(This piece is written by Vanessa Toro and was originally published in “The Dose” powered by DigitasLBI where Vanessa is the Associate Director for Creative Strategy)
I often get asked why – as a NonBlack person of color (NBPOC) – I’m so passionate about confronting anti-blackness. Occasionally, I am not so gently reminded by Latinos*, Asians and other marginalized groups in the U.S that we also face oppression; that our struggles aren’t as visible, analyzed, thought-pieced, tweeted, or protested for as those of black lives.
And while I typically don’t have the time to argue on the internet, these critiques miss the heart of the matter: our collective liberation is inextricably tied.
No one is free until we all are. We cannot participate in Oppression Olympics, where we fight only on behalf of our own identity’s lanes. To secure equal rights for LGBT, we have to fight for civil rights, for women’s rights, for immigration rights, for disabled rights. We have to all fight for everyone’s equality, everyone’s freedom.
And no struggle has gone on longer on American soil than the fight to acknowledge the equal value of black lives. From the first beaten slave who arrived on our shores in 1619, to the controversy over the first integrated prom in a Georgia town in 2013(yeah, I’m not kidding) we still have a lot of work to do.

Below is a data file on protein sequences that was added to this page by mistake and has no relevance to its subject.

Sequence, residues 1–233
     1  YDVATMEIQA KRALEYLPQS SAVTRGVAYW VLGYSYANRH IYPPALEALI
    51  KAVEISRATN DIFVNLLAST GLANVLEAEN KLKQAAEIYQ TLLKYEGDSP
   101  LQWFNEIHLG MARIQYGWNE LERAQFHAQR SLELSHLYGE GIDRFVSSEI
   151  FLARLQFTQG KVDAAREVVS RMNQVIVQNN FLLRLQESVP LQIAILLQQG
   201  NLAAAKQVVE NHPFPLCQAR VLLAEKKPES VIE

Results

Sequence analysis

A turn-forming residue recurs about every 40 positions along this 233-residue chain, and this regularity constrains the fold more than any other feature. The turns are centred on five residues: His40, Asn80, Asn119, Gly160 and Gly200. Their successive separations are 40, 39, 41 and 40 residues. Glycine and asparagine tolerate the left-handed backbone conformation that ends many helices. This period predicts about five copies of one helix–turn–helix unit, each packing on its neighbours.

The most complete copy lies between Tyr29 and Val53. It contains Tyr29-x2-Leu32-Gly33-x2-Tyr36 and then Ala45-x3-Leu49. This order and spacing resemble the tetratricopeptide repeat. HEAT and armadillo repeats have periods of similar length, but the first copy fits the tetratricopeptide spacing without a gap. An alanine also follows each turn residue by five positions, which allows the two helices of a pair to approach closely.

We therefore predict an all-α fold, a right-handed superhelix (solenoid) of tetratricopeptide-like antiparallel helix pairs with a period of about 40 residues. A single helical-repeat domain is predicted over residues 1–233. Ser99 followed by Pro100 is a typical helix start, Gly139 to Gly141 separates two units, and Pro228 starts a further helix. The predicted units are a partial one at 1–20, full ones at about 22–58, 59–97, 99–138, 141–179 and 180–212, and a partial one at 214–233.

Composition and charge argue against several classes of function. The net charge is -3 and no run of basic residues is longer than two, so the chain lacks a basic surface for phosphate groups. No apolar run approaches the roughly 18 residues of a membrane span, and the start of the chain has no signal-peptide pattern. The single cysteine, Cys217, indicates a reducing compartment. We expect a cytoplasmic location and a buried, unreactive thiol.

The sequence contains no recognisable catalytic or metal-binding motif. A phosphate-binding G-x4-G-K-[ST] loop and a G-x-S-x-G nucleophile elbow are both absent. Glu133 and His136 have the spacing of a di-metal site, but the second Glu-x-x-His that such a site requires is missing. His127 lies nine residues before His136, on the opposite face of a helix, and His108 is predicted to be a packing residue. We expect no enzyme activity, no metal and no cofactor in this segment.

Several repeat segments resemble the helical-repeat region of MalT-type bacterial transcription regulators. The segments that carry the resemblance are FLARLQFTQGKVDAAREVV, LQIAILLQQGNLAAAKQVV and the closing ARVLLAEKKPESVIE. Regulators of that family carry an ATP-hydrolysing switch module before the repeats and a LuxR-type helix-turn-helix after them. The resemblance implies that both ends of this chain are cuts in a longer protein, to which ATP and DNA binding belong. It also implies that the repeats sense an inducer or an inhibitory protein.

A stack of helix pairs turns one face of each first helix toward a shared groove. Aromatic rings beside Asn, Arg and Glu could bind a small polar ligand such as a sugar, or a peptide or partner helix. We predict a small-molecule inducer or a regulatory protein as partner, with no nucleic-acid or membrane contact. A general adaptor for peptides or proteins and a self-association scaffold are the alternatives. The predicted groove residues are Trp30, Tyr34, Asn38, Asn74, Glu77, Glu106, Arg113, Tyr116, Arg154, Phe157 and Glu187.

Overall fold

Black History Month is a celebration of black joy and accomplishment, and a confrontation of continued inequality and justice denied.
It’s a call to go beyond the inspirational but sanitized legacies we culturally hold up each year, and delving into the numerous individuals, movements and figures who weren’t even in consideration for our textbooks. Ironically, because of their other identities (gay, female, trans).
It’s an opportunity to reflect on the indisputable gains and of the still looming battles.
A reminder to recognize our privilege, to wield it on behalf of others.
A rally cry that should threaten no one:
So the next time folks ask you, “why do you care so much about (an identity you don’t share)?” Honestly respond, “because we aren’t free yet.”
*Latino and Black are not mutually exclusive. There is a lot of overlap as a result of the diaspora. But that’s a different conversation.